Do they already have a clear roadmap for who they are and where they want to go; they just need some tools on how to make the next part of the journey? OR, do they need someone to help them create the map? The former suggests they may need a coach, while the latter is a job for a therapist.
What if you choose the wrong one?
It happens all of the time. I frequently have clients who want to work on coaching that I refer out for therapy or vice versa. Part of our ethical codes is to make sure we are providing people with not only the right service but at the right level of care. We assess needs and acuity levels and make recommendations on the best fit from there.
Okay, so once I know the type of provider I need, how do you know if that provider is the right provider?
First and foremost, you want to make sure that you like this person. There is always a way to find someone qualified (and yes, training and qualifications matter…just not as much as this in my opinion). But if you are going to spend your time with them, one of the most precious resources that you have, then you better like being around them. Now, to be clear, that does not mean you will like everything they say or do - their job is to challenge you. But if you think the person is arrogant, annoying or a major d-bag, then you will never get anywhere, no matter how qualified or knowledgeable they are on the matter.
Ask yourself if you can be honest with them. Providers get it wrong all of the time. We make educated guesses and infer a narrative. When we get it wrong, we need you to be able to call us out. After all, you are the expert on your own life and we work for you. So, if you feel bullied by or pressured by a provider or you don’t feel comfortable giving that feedback to them then I suggest you say “peace out” and find a new provider.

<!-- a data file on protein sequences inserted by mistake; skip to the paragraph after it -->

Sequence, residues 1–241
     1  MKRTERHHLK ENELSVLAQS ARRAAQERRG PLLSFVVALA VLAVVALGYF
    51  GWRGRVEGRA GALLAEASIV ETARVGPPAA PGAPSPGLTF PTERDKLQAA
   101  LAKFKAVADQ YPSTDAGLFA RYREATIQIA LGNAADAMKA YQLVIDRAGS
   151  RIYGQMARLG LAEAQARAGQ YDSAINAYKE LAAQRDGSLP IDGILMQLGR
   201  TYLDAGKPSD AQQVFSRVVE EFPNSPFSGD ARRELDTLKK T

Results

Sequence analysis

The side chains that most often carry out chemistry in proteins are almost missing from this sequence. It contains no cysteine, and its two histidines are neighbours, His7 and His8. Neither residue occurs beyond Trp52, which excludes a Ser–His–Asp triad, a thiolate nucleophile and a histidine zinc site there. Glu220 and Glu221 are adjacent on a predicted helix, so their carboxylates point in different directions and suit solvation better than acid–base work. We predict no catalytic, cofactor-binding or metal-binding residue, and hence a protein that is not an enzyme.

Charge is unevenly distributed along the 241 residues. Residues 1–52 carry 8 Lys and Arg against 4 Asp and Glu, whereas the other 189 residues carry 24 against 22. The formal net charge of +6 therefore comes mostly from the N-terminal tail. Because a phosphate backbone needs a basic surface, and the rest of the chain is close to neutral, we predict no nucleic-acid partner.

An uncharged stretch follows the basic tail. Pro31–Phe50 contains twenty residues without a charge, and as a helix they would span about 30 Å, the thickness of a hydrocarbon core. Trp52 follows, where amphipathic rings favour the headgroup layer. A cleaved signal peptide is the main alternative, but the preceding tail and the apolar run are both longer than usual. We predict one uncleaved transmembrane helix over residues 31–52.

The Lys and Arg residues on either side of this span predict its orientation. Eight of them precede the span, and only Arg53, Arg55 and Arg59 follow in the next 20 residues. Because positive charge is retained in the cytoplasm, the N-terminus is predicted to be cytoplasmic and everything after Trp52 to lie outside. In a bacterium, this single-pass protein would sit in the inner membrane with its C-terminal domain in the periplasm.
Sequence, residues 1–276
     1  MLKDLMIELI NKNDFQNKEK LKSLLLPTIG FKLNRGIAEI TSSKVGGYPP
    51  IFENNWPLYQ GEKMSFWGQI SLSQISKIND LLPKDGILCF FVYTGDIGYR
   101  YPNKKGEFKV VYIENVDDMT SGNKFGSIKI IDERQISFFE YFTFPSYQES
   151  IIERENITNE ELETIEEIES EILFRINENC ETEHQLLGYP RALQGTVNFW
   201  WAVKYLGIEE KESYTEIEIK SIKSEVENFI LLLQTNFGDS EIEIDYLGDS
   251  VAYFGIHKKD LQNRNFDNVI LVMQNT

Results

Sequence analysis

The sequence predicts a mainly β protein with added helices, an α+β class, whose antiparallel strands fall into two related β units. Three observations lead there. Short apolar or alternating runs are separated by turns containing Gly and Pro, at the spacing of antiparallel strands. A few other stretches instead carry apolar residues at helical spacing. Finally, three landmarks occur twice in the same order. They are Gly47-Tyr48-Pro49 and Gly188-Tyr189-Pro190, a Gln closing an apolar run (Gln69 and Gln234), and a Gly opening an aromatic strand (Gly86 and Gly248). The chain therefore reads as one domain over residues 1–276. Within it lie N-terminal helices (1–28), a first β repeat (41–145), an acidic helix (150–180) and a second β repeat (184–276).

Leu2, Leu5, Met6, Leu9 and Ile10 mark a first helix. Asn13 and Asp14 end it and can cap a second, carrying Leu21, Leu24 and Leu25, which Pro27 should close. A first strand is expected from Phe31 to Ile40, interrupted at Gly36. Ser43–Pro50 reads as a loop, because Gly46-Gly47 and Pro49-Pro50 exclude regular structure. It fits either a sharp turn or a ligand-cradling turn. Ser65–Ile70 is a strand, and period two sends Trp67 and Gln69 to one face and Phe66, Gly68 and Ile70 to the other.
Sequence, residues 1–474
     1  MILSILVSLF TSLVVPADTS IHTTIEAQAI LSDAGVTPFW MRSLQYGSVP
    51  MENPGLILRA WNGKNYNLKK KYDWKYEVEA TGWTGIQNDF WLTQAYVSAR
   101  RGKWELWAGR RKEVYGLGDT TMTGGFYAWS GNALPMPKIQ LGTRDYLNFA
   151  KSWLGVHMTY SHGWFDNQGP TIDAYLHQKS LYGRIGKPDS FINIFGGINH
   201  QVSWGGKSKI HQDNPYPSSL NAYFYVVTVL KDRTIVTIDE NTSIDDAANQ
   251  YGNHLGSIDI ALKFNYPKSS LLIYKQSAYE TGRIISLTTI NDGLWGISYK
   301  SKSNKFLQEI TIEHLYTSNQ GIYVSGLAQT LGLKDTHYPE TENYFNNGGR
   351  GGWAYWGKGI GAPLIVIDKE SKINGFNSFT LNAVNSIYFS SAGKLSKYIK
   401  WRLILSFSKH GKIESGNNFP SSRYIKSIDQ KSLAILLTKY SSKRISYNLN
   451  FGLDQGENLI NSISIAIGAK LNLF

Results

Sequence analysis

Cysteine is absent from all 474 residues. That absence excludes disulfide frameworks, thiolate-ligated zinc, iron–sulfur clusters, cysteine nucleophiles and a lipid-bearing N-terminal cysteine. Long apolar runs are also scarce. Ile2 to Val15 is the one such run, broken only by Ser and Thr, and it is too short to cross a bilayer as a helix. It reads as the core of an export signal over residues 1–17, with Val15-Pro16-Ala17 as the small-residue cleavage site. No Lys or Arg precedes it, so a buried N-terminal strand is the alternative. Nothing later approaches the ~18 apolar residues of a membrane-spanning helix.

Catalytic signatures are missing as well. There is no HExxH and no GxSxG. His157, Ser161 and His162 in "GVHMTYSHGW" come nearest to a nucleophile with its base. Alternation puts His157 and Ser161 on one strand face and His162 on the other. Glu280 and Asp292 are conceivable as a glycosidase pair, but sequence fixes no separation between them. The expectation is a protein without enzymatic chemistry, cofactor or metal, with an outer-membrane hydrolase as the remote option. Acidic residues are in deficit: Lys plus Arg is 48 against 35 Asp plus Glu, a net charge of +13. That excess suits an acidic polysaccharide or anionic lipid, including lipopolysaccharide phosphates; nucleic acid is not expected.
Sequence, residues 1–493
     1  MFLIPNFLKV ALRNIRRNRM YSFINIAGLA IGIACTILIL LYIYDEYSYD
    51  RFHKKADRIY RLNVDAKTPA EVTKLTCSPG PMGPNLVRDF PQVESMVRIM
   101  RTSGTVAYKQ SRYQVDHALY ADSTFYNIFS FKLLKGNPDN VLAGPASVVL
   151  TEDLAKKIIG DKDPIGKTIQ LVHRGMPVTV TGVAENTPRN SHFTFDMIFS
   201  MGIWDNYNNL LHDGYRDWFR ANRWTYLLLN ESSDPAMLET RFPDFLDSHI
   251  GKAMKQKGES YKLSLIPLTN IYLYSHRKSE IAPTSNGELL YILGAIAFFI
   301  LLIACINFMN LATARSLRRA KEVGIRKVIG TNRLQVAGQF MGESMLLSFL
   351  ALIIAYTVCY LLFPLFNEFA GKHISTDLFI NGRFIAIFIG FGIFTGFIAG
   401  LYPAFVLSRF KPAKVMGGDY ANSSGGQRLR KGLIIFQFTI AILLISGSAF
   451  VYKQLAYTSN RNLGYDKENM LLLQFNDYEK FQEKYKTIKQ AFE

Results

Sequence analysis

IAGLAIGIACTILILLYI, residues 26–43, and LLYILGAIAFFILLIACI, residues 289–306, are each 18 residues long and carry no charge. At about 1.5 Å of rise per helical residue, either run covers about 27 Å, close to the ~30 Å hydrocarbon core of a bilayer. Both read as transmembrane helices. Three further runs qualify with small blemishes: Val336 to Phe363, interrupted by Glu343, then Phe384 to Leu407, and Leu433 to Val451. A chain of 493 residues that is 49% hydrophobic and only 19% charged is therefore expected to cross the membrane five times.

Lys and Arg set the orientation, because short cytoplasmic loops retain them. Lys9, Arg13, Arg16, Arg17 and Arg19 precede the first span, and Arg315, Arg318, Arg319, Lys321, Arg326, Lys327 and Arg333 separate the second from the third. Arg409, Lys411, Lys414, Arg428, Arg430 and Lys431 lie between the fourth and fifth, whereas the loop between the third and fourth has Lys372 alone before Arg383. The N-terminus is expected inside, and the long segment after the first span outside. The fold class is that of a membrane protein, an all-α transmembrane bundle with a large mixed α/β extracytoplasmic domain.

Do you have a clear understanding of what they are doing and they “why” behind it? One of my professors in graduate school told us that when we finish a therapy session, they should be able to talk to us and our client separately and we should both have the same understanding of what we did in the session, where we are going and why. Why is this important? Because if you don’t know what you are doing, how is that setting you up for long term success? And, you may start to feel resentful, frustrated, confused or even hopeless. Now, this means that part of the responsibility is on you as the consumer to ask AND, the bulk of that responsibility is on us to make sure we are having that conversation regularly.
Do they have appropriate training for what you are looking for? It is painfully frustrating when I see or find out about someone practicing outside of the scope of their training. It happens all of the time. Personal trainers giving nutrition advice or acting as physical therapists, football players and actresses giving medical and nutritional advice, and one of the most offensive, to me, is when I see coaches working with people with eating disorders. Now, I could chronicle all of my frustrations here but that would be an entirely different blog post. The point I am making? Make sure that your provider 1) stays in their lane and practices within their scope of expertise and 2) has the necessary qualifications to be offering this type of care.